Spectral peaks and notches are important cues that normal hearing listeners use to localize sounds in the vertical planes (the front/back and up/down dimensions). This study investigates to what extent cochlear implant (CI) listeners are sensitive to spectral peaks and notches imposed upon a constant-loudness background.
Listeners could always detect peaks, but not always notches. Increasing the bandwidth beyond two electrodes showed no improvement in thresholds. The high-frequency place was significantly worse than the low and middle places; although, listeners had highly-individual tendencies. Thresholds decreased with an increase in the height of the peak. Thresholds for detecting a change in the frequency of a peak or notch were approximately one electrode. Level roving significantly increased thresholds. Thus, there is currently no indication that CI listeners can perform a "true" profile analysis. Future studies will explore if adding temporal cues or roving the level in equal loudness steps, instead of equal-current steps (as in the present study), is relevant for profile analysis.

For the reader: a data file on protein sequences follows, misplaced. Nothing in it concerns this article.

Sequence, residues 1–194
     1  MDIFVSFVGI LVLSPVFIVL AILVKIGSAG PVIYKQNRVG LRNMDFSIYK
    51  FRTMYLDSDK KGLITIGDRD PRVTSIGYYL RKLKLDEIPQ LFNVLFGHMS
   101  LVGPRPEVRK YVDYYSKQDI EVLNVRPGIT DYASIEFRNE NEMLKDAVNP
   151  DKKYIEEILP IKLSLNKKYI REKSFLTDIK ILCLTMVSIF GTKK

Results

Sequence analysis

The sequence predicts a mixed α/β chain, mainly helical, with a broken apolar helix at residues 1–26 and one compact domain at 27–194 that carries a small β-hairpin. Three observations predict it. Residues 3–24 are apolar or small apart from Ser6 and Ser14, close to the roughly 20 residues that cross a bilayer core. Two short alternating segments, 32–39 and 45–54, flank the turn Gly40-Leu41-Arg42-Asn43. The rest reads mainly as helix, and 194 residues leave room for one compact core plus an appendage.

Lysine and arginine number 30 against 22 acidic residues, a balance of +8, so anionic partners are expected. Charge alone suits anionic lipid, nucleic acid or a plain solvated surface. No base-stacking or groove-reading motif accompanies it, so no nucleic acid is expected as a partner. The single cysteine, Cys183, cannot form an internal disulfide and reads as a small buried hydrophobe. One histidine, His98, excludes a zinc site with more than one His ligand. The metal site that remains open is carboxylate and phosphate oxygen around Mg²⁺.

Data on the sensitivity to spectral peaks and notches are required to encode spectral localization cues in future CI stimulation strategies.
FWF (Austrian Science Fund): Project #P18401-B15